Prerna Singh Bindra | New DelhiIn what can only be described as the last-ditch attempt to prevent a Sariska-like situation in nearly a dozen tiger reserves across the country, the National Tiger Conservation Authority (NTCA) has advised an in situ build-up of tiger population in 11 reserves.
The advisory, sent on May 27, 2009, to the Chief Wildlife Wardens concerned, suggests that to save tigers from local extinction, the reserves must opt for active managerial intervention which essentially entails having “a founder population of two adult tigresses and a tiger in a large enclosure, built in situ within the reserve, to protect it from poaching and other decimating factors”.
The letter details that the tigers must be translocated from the same habitat or landscape, that the enclosure should contain natural prey base and, importantly, that this is to be a one-time intervention. The tigers should be radio-collared and released after the first generation of cubs reaches two years of age. The 11 reserves include Valmiki (Bihar), Palamu (Jharkhand), Manas (Assam), Nagarjunasagar (Andhra Pradesh), Namdapha (Arunachal Pradesh), Indravati (Chhattisgarh), Buxa (West Bengal), Kalakad Mundanthurai (Tamil Nadu), Dampa (Manipur), Sanjay-Dubri (Madhya Pradesh) and Simlipal (Orissa).
However, the directive has become the subject of a heated debate. Says Dr Ullas Karanth, conservation scientist with the Wildlife Conservation Society, “Such reintroduction exercises — and I am including Sariska and Panna — do not reflect optimal use of resources and I do not see them as priority. They fail to address the real issue of tiger decline and take the focus away from protecting viable tiger habitats where recovery can naturally take place.” Also, points out another conservationist, is it practical to invest considerable resources into this programme when the reserves are unsafe?
How can we ensure that the reserves will be safe two to four years later when the tigers are ready for release? And surely, this couldn’t be a blanket solution for 11 reserves. While it may be the answer in say, Buxa, where the lack of tigers has been an ‘open secret’, areas like Manas require a rethink. Though there is little doubt that tiger numbers are low, there is a need to scientifically assess the population first. Besides, though the situation is improving, their protection leaves much to be desired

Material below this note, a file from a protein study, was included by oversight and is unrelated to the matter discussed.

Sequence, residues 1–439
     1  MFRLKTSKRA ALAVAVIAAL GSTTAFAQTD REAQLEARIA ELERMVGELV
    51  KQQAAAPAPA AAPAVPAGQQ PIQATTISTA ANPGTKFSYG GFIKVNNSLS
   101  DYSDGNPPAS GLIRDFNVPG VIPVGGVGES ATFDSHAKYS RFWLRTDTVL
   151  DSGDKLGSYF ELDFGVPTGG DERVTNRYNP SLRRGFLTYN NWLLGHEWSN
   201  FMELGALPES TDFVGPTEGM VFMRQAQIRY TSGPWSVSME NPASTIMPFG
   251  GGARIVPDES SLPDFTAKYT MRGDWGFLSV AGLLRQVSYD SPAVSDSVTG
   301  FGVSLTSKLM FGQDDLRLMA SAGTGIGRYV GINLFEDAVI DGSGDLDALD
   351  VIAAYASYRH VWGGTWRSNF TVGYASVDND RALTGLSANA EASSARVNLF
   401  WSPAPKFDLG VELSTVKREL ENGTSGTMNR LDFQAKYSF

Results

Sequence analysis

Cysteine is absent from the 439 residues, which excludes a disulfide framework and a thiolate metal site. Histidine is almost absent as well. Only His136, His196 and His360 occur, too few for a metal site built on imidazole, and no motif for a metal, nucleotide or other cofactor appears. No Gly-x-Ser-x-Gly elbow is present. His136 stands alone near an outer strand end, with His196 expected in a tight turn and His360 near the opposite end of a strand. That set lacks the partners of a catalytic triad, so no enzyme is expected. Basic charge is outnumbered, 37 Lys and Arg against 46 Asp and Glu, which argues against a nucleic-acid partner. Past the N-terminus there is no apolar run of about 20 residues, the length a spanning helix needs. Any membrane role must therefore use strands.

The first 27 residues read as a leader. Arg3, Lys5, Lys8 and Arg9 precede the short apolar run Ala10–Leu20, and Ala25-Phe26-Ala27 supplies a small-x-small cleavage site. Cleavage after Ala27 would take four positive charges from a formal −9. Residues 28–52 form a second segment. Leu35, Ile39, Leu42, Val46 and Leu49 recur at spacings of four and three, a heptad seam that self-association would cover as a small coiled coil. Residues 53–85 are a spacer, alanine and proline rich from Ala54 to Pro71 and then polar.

. Strengthening the existing infrastructure and capacity for protection of wildlife and its habitat are a priority.
Dr Rajesh Gopal, member-secretary NTCA, stresses that this strategy is supplementary to protection and an essential one-time managerial intervention only for those reserves where tiger population is in dire straits.
Elaborates PK Sen, former director of Project Tiger, “These directives have not been issued to all reserves; only where there is no viable population of tigers. It does not preclude protection, which is in fact primary, following which the population may be built up using in situ enclosures. The first consideration is protection by strengthening personnel, developing intelligence and adequate infrastructure. However, this has little meaning in reserves where the tiger population has almost died out and must therefore be augmented by such interventions.” Should these reserves, he reasons, be allowed to become other Sariskas or Pannas?
Most of these reserves are still viable habitats with unviable tiger populations, mainly transient tigers which are very vulnerable. “The in situ build-up of both tiger and prey is an ecological imperative to conserve the genetic pool of that particular region to ensure that the population does not die out,” says Dr Rajesh Gopal. Equally important, he emphasises, is backing it with sound protection measures, strong leadership and habitat management, ie notification and management of buffer zones.It is hoped that this will also hold the errant States accountable. And therein lies the crux of the issue. The onus of protection rests with the States, but most have been failing miserably in the task. Panna is a prime example, points out a senior official, where the State continued to be in denial for years, till all its tigers were gone. Most States have not learnt the lesson and continue to inflate tiger numbers and deny that reserves — including Buxa, Sunjay-Dubri and Palamu — have negligible tiger populations.
They also continue to ignore repeated warnings and advisories for strict protection measures from the Centre. In the face of such apathy
, it is envisaged that such an intervention will provide for a base population that can be strictly monitored and conserved — and the State held responsible for any laxity
, lest there be any more Sariskas or Pannas.